The first question is easy to answer. You can obtain a TIN online by following this link: http://www.irs.gov/businesses/small/article/0,,id=102767,00.html.
The other questions can be answered after consultation with an attorney who can assist you in administrating the estate and after after careful review of the trust. Generally, however, the trustee will be responsible for seeing to it that all required notices are given, the settlor’s debts are paid, all taxes are paid and that all distributions are made in a timely manner to the persons entitled to them. The trustee may incur personal liability for failure to administer a trust in the manner required by law.
How large is the trust estate? If the gross estate (meaning the fair market value of the assets, not reduced by debt) is $2,000,000 or more and the trustor died in 2008, then an IRS Form 706 (Federal Estate Tax Return) is due 9 months after the date of death. That means you must hire both a competent (i) CPA and (ii) probate attorney. (The fact that the attorneys in this field are sometimes referred to as "probate" attorneys does not mean that this estate must go through probate. They are sometimes also referred to as "estate lawyers" or "estate tax lawyers.") The CPA is needed to prepare the decedent's final income tax return, and the income tax return(s) for the trust; the probate attorney is needed to file a copy of the Will with the county, to provide a notice under Probate Code Section 16061.7 to the beneficiaries (as specially defined), to advise you on your responsibilities and to either prepare the 706 or help the CPA do so.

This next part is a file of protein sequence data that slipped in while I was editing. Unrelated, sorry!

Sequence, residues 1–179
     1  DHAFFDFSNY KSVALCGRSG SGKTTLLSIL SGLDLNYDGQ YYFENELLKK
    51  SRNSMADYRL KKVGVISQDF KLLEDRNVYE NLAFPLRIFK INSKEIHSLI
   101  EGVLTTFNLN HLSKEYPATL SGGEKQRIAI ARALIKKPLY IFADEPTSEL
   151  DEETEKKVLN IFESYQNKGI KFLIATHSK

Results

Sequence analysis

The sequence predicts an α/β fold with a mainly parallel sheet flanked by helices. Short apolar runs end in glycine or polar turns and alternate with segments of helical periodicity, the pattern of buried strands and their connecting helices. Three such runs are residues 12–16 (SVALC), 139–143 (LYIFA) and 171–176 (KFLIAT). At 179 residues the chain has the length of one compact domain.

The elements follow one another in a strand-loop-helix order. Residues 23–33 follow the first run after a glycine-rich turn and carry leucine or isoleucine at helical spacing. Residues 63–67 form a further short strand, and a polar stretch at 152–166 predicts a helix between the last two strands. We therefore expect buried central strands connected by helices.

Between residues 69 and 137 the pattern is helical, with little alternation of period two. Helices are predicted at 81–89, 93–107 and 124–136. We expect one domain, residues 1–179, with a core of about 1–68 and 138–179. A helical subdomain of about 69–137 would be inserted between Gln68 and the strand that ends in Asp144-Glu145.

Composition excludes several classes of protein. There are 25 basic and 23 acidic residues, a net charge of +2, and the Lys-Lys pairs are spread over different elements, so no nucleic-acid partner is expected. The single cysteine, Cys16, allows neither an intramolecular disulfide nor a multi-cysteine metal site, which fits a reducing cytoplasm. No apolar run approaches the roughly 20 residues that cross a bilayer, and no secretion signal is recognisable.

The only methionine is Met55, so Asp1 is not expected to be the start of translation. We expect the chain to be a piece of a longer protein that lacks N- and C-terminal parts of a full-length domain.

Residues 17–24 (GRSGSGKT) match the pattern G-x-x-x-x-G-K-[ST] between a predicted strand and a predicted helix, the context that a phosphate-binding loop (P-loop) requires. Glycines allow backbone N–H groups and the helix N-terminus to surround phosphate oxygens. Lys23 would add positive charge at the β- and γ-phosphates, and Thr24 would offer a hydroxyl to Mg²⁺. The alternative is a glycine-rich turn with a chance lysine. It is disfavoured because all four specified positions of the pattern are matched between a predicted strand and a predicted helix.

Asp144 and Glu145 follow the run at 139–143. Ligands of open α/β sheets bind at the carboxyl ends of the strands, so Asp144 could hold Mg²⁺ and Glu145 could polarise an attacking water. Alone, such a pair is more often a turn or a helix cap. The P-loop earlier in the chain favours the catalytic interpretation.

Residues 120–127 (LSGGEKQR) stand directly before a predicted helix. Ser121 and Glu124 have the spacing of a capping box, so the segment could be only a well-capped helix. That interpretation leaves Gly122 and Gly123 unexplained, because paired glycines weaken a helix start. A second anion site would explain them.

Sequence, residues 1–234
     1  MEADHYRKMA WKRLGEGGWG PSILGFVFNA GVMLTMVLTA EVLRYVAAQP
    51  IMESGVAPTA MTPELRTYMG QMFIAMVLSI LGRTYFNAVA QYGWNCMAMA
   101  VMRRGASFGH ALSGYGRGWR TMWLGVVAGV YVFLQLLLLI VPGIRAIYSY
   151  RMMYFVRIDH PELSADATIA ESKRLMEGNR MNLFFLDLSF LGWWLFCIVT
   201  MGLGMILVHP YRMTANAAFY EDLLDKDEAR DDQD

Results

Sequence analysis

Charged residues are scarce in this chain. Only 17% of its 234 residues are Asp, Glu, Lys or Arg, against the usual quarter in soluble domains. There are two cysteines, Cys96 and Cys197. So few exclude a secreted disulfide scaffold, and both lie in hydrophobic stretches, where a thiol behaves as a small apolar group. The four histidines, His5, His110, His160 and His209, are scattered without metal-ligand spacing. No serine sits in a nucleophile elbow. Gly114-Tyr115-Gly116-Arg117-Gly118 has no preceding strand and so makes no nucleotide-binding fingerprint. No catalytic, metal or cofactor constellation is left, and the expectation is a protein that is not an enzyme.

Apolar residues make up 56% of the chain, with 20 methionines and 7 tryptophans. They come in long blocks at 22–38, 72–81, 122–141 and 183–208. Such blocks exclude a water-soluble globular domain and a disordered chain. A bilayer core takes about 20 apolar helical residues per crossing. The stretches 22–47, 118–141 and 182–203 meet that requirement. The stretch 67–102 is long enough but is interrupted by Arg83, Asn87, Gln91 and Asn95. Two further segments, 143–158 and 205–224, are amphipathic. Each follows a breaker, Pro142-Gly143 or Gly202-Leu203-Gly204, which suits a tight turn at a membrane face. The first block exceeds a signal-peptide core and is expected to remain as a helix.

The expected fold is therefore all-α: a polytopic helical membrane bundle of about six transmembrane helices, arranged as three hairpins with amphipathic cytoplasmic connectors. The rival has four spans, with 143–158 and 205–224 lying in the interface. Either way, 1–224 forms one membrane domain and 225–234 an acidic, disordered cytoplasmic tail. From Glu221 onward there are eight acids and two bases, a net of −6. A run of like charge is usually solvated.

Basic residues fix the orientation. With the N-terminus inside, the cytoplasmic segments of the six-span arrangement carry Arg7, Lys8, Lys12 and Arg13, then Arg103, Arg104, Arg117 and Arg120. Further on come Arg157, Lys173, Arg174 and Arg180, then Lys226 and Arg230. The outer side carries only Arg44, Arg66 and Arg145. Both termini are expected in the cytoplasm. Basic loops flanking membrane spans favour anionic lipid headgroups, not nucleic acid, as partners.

The CPA should file for the taxpayer identification number. The probate attorney will advise you on your responsibilities under (i) California law and (ii) the trust instrument. You should start by reading the trust, in its entirety. A well-drafted trust will describe your recordkeeping responsibilities and the terms under which you are to hold the assets for the minor beneficiaries.
In conclusion, there is material available all over the internet for you to read about your responsibilities. However, there is no substitute for immediately hiring competent counsel. Ask your friends, business colleagues or - best of all - your CPA for a referral to someone with whom they have had good experience in the field of estate planning, probate and/or estate administration.
I don't think I can add any additional value here in terms of what it is that you need to do, but what I do want to emphasize is how complicated this can be, and how convoluted the process can become. Consider that personal liability attaches to any wrongdoing of a Trustee who fails to act properly, and also consider there is an entire area of the law dedicated solely to trust administration.
What I am doing with a client right now is merely consulting him in his duties as trustee. It saves a whole lot more money to hire an attorney as a consultant to teach you and assist you, rather than hire one to do all of the administration tasks. For this simple estate that my client is working on, he will probably only put a few hundred dollars into legal consulting fees (but he already had some experience in this, so that needs to be taken into consideration).
Best of Luck!